new Project({ name: 'Third Project' })
                    App.start({projects: projects});

Yes, you’ve guessed it, the fun start here. The necessary ingredients you can download (and place in the lib folder) from here: underscore, backbone, backbone.marionette, handlebars, TrafficCop. Well that was all of the external libs, now comes the time to build our internal business project structure. First we are going to need a model of a project, thus we are going to create a simple Backbone.js model within a file called Project.js:

define(['backbone'], function(Backbone){
         var Project = Backbone.Model.extend({});
         return Project;

As you can see, there is not much interesting inside since our example is really only a skeleton. After we have our main domain model, we are going to need a collection of them, thus comes the Projects.js:

define(['backbone', 'model/Project'], function(Backbone, Project){
         var Projects = Backbone.Collection.extend({
           model: Project

         return Projects;

So far so good. Next we are going to need an entry point, that being the application.js:

define(['view/ProjectsView'], function(ProjectsView){
var App = new Backbone.Marionette.Application();
           mainRegion: "#content"

           var projectsView = new ProjectsView({
             collection: options.projects
         return App;

Note line 4, this is the reference to our hook point in the index.html file. As you can see from line 8, our App has a reference to a view called ProjectsView for which we have a JavaScript file called ProjectsView.js and having the following content:

define(['marionette', '../view/ProjectView'], function(Marionette, ProjectView){
         var ProjectsView = Backbone.Marionette.CompositeView.extend({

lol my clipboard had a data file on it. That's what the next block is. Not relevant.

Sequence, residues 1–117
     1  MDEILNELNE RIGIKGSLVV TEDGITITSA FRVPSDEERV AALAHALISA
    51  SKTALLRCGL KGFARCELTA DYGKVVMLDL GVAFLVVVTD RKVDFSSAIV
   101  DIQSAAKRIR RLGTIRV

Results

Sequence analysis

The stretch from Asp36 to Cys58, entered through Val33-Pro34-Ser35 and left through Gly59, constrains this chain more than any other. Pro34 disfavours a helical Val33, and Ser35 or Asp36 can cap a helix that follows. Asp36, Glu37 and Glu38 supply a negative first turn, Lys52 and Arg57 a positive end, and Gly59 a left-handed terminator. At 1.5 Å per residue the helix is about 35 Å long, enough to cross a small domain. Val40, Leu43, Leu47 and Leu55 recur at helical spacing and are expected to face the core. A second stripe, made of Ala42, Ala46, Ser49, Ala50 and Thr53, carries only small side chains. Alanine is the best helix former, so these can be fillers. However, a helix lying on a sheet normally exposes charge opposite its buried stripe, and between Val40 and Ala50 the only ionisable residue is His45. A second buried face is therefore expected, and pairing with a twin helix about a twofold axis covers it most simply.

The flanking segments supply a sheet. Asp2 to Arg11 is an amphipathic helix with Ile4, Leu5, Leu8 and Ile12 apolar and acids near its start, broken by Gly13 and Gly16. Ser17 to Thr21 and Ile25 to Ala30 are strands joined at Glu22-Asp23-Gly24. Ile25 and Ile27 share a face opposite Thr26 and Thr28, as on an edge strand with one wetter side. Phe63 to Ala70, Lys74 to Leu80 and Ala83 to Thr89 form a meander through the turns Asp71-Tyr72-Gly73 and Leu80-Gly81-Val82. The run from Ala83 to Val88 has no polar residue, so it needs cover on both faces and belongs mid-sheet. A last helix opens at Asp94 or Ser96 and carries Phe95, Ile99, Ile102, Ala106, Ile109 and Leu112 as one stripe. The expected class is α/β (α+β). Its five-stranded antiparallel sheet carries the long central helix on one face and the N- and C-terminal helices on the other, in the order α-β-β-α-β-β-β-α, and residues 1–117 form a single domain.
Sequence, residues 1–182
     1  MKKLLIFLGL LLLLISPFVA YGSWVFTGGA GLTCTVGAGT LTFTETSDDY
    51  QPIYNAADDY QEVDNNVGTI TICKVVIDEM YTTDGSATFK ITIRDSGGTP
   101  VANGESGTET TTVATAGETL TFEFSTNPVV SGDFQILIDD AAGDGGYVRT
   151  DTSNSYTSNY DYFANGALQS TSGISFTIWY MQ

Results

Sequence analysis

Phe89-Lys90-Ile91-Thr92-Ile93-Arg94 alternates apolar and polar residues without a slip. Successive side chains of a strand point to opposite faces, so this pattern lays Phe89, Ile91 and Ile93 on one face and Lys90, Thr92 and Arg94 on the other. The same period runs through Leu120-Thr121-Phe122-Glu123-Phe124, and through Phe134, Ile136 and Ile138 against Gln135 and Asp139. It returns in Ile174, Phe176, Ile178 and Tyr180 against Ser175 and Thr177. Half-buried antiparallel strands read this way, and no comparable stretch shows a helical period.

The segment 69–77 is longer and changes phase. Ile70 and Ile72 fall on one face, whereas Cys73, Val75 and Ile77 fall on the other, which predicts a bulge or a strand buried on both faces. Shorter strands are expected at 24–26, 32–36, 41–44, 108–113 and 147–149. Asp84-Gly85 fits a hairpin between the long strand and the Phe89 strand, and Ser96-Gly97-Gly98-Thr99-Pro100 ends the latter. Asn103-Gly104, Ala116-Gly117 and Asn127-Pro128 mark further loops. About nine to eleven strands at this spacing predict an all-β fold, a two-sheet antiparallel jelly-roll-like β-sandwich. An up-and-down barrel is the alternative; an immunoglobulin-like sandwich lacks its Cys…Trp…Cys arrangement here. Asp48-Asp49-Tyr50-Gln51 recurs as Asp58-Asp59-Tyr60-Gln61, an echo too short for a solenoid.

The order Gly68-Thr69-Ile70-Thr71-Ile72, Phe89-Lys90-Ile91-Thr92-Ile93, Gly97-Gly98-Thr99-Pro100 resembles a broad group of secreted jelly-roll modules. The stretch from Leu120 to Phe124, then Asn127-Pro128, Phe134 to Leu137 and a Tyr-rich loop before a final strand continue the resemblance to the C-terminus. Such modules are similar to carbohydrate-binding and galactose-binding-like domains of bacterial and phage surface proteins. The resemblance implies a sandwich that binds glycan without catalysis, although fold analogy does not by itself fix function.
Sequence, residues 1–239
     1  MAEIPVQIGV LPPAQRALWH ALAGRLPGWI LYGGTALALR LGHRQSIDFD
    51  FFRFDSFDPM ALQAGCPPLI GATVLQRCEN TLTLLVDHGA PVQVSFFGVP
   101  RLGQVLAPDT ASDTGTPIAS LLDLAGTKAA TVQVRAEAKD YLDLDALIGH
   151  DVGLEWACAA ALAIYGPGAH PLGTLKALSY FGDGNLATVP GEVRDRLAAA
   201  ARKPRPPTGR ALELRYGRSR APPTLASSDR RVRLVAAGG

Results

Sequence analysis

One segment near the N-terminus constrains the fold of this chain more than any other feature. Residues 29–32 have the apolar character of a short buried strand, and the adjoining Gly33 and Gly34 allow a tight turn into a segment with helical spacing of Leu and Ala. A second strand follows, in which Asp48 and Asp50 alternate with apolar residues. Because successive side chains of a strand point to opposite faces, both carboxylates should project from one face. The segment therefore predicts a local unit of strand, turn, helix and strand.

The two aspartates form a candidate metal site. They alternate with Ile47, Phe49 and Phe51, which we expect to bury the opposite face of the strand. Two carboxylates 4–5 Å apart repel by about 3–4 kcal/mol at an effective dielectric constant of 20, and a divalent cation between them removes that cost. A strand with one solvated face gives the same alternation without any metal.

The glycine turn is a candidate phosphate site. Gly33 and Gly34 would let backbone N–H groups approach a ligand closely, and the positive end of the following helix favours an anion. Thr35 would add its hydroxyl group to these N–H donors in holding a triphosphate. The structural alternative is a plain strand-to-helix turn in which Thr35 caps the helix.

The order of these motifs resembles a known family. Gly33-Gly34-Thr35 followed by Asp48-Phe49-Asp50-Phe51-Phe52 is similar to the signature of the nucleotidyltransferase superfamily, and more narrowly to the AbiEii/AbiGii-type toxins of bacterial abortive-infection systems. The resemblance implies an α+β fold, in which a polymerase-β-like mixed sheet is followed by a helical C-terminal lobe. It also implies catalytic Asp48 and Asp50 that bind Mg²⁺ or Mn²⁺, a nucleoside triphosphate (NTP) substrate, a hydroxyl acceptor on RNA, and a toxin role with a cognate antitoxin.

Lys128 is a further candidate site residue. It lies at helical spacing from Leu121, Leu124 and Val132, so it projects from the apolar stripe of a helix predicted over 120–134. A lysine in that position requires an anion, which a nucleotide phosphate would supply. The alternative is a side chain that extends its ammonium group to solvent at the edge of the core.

tagName: 'table',
         id: 'projects',
         className: 'table-striped table-bordered',
         template: '#projects-template',
         itemView: ProjectView,

         appendHtml: function(collectionView, itemView){
         return ProjectsView;

The ProjectsView is a composite view based on ProjectView described in ProjectView.js:

define(['marionette'], function(Marionette){
         var ProjectView = Backbone.Marionette.ItemView.extend({
          template: '#project-template',
          tagName: 'tr',
          className: 'project'
         return ProjectView;

The highlighted rows in both ProjectsView.js and ProjectView.js indicate the names of the required templates which can be found in templates directory. The first, projects-template.html, looks like this:

<script id="projects-template" type="text/x-handlebars-template">
    <tr class='header'>
        <th>Project Name</th>

The second, project-template.html, looks like this:

<script id="project-template" type="text/x-handlebars-template">

Running our example is as simple as doing mvn jetty:run. Oh, and of course you can go to localhost:8080 and browse the result.